Sarah: It just makes it easier because it depends on where and when you're talking. If I'm standing in a room talking to parents, I'm not necessarily going to have purees and different thicknesses with me. So I think a video, particularly as someone can pause it and they can go and have a really good look, and they can think you know where am I with all of this, they're fabulous. And it's great just to say to people, look, I can give you this information, but you're going to go home, you're going to forget half of it, because they will. But here's where you can go to get this resource here safefood, they have these videos, they have this information, this is your backup in a week, two weeks, three weeks when you're doing it.

Aileen: Just a question to you both, obviously there are many important considerations when it comes to translating research into communications or resources for the public. But what in your opinion, is the most important aspect?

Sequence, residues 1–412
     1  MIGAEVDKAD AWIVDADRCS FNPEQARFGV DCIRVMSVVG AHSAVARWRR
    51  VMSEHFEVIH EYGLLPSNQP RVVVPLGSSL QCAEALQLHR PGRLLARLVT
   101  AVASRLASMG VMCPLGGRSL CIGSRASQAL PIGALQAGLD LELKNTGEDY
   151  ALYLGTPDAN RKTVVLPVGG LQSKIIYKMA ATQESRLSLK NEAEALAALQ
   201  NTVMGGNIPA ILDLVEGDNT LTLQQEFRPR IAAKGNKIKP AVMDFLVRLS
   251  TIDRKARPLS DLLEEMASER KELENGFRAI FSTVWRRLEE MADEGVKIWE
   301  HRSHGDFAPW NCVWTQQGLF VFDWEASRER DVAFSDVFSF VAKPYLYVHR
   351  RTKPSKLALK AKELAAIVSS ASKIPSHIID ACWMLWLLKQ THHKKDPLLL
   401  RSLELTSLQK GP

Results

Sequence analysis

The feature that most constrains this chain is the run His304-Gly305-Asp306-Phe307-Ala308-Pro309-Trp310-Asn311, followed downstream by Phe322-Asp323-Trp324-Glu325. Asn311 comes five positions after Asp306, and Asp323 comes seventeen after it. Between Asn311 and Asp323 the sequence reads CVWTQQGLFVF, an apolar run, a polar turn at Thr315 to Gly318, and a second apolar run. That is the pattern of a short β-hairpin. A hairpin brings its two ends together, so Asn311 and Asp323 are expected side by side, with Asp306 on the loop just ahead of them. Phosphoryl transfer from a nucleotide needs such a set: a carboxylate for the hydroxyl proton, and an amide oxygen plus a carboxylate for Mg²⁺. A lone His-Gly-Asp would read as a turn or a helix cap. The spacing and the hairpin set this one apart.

Sarah: I think the risks are many. I think communicating with people in a way that they actually understand. I know when I was training as a dietitian, and I'm training these students at the moment, and one of the funniest things is they have all this fantastic science and they've been writing all these lovely science papers. And then I'm saying to them, I want you to write these 10 points in healthy eating for the general consumer. And the language that comes out is so scientific and unless someone has a background in science, it's meaningless. So I think it's the translation into a language that everybody can understand, that it's simple words and simple phrases. It's not a case of talking down to people at all but every area has its own sort of language, like engineers, and it's just to actually make it something that people who haven't studied that area can actually understand without getting even more confused. And I think less is always more - they're short sharp to the point, and that's what I love about these videos. They're just short you know, it's not reams of information, but it gets the point across really well.